The Hebrew Origins of the Bible

A big part of the reason we do not understand the kingdom of God is that Christian doctrine has long since been divorced from its Hebrew roots. The Bible is a Jewish book, written by Jews (mainly) and written with Jewish terminology. The Old Testament was written in Hebrew, and the doctrines of the New Testament are built on those of the Hebrew scriptures. Many of the terms used in the New Testament are not defined there, because they'd been defined in the Hebrew Scriptures, which the believers in Jesus' day were expected to know.

Since then, Christians for centuries have interpreted them in light of understanding that came from other sources, often including Greek philosophy, and without even realizing it we have bought into it because we'd "always heard it that way." To our shame we didn't know the Hebrew Scriptures well enough to say otherwise. Part of the goal of this website is to show how the Scriptures themselves define terms that Christians use frequently and how the Biblical definitions are often vastly different from the commonly held understanding.

Many of the words and concepts as given and understood in the Hebrew Scriptures and subsequent teachings of Jesus and the Apostles have lost their original meaning to most churchgoers. As a result the overall message of "orthodox" Christianity is unclear and therefore the faith of most Christians is unclear regarding basic questions such as: Who is God and what is His nature? Who is Jesus and what is his relationship to God? What is the ultimate destiny of mankind? What is the central message, or "gospel" that we as Christians are to preach?

We are to get our doctrine, which is the foundation of our hope, from the Scriptures that were written aforetime, which are elaborated on in the New Testament. Most Christians read the New Testament, and read into it the doctrines that have sprung up since it was written, rather than understanding it in light of the Hebrew foundation on which it was built.

"Old Testament," in fact, is an unfortunate and misleading name for that part of the Bible. Calling it the "Old" Testament implies to some people that it is done away with and no longer relevant. It should better be referred to as the Hebrew Scriptures, because there is more than the old covenant (i.e. the Mosaic Law) in the Hebrew Scriptures.

For many years I believed that the Old Testament, the Gospels, and the Book of Revelation were addressed to Israel and did not concern me except as interesting information. I mentioned before how Romans 15:4 was interpreted as "for our learning only" and not addressed to us. Another verse that was used to prove that idea was Romans 15:8, which says that Jesus Christ was a minister of the circumcision. We assumed it meant "of the circumcision only." However the word "and" in the very next verse indicates that he also had another purpose.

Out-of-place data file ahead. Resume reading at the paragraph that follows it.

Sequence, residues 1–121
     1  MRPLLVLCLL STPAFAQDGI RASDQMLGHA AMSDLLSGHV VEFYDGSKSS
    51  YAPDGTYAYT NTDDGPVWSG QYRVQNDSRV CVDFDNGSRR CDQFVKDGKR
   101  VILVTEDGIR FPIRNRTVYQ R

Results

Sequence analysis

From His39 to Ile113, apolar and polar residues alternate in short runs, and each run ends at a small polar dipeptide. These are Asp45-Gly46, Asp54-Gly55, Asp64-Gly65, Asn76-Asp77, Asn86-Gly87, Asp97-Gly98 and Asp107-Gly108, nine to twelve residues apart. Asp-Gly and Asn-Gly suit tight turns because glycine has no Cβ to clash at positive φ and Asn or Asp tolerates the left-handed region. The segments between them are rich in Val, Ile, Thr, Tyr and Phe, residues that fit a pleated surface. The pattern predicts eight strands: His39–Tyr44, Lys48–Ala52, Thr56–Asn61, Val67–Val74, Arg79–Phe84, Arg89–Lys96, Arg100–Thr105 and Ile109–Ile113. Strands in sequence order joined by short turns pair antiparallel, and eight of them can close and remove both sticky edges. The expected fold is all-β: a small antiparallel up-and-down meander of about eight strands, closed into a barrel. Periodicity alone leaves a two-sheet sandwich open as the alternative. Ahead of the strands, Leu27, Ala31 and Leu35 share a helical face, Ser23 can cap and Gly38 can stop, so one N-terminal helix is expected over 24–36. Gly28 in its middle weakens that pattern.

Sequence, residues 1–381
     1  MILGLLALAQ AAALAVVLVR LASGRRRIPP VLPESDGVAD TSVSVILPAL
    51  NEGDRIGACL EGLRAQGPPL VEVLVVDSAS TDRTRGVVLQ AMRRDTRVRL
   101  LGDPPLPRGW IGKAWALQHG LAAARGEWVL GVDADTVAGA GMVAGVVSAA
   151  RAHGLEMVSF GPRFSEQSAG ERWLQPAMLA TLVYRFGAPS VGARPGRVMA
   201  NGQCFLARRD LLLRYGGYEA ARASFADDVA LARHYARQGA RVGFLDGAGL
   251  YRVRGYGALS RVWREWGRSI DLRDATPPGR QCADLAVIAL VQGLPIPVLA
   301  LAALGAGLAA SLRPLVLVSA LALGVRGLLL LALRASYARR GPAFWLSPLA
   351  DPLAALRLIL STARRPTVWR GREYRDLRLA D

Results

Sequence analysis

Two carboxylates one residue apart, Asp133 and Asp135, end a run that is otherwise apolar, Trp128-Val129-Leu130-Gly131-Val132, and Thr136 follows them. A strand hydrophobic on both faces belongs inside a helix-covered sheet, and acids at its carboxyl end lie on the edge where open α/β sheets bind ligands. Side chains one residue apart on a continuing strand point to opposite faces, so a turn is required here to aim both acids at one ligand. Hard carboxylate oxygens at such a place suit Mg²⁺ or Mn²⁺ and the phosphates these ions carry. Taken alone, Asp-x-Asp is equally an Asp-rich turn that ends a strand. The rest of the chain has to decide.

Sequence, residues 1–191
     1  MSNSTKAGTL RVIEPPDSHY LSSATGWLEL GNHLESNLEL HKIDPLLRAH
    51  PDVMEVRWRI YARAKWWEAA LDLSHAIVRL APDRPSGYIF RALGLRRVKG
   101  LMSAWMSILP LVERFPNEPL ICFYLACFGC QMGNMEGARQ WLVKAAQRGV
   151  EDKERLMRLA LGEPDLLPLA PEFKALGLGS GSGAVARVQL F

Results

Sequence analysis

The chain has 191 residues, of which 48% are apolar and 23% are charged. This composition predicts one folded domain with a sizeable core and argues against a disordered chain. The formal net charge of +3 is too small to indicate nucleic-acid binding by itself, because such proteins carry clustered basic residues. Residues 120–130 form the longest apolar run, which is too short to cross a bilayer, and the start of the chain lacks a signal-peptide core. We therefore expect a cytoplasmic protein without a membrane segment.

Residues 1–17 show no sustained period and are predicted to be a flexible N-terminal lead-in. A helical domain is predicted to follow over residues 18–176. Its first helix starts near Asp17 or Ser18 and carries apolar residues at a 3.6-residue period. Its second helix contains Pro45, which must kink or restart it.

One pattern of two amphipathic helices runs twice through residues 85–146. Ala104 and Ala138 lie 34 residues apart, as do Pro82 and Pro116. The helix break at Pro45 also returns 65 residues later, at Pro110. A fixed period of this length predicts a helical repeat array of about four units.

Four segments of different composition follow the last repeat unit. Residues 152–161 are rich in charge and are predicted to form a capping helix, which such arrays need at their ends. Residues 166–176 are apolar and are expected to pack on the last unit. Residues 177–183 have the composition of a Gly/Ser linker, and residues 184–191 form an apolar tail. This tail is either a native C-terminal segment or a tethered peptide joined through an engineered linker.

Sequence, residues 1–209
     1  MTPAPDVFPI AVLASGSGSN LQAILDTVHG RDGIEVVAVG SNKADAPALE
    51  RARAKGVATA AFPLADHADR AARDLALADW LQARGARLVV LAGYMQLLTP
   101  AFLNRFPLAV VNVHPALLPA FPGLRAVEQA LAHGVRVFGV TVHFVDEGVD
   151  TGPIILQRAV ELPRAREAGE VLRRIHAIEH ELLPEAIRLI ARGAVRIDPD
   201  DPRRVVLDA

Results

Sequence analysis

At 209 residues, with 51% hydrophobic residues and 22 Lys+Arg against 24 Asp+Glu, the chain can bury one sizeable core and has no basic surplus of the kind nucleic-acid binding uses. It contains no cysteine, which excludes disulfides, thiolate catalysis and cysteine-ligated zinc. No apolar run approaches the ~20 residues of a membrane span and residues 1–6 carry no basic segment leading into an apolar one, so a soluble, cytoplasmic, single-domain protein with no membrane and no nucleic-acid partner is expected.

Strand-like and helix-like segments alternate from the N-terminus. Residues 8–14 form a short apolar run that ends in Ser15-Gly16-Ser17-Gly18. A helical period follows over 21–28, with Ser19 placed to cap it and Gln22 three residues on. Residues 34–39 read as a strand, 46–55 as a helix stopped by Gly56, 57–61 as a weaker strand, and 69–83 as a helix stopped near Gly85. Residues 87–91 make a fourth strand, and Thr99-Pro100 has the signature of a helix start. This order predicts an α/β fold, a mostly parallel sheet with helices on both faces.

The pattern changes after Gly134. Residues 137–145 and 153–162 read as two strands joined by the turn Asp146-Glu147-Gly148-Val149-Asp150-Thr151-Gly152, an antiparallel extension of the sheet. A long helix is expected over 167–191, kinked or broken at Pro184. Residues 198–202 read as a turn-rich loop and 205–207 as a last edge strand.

Romans 15:
8 Now I say that Jesus Christ was a minister of the circumcision for the truth of God, to confirm the promises made unto the fathers:
9 And that the Gentiles might glorify God for his mercy; as it is written, For this cause I will confess to thee among the Gentiles, and sing unto thy name.
[see NASB]

What Jesus said and did confirmed the promises to the fathers (how many Christians know what those promises were?) and also how the Gentiles would become involved. Paul, in his epistles, goes on to elaborate how the Gentiles have been included, and how anyone can partake of the marvelous promises God made to Abraham and the other fathers, concerning His kingdom on a renewed earth, to be perfectly ruled by Messiah. This is the overall scope of the Bible, which will enable you to see it as a whole message, rather than a fragmented collection of different messages to different people.

"Old Testament and New Testament... stand together as the two acts of a single drama. Act I points to its conclusion in Act II, and without it the play is an incomplete, unsatisfying thing. But Act II must be read in light of Act I, else its meaning will be missed. For the play is organically one. The Bible is one book. Had we to give that book a title, we might with justice call it 'The Book of the Coming Kingdom of God.' That is, indeed, its central theme everywhere."

John Bright
The Coming Kingdom of God, p.197, 1953


"The 'kingdom of God' was without a doubt at the heart of Jesus' historic message... The phrase 'kingdom of God' is introduced without explanatory comment. For Jesus' first hearers, as presumably for Mark's readers, it was not the empty or nebulous term it often is today. The concept had a long history and an extensive background in the Old Testament."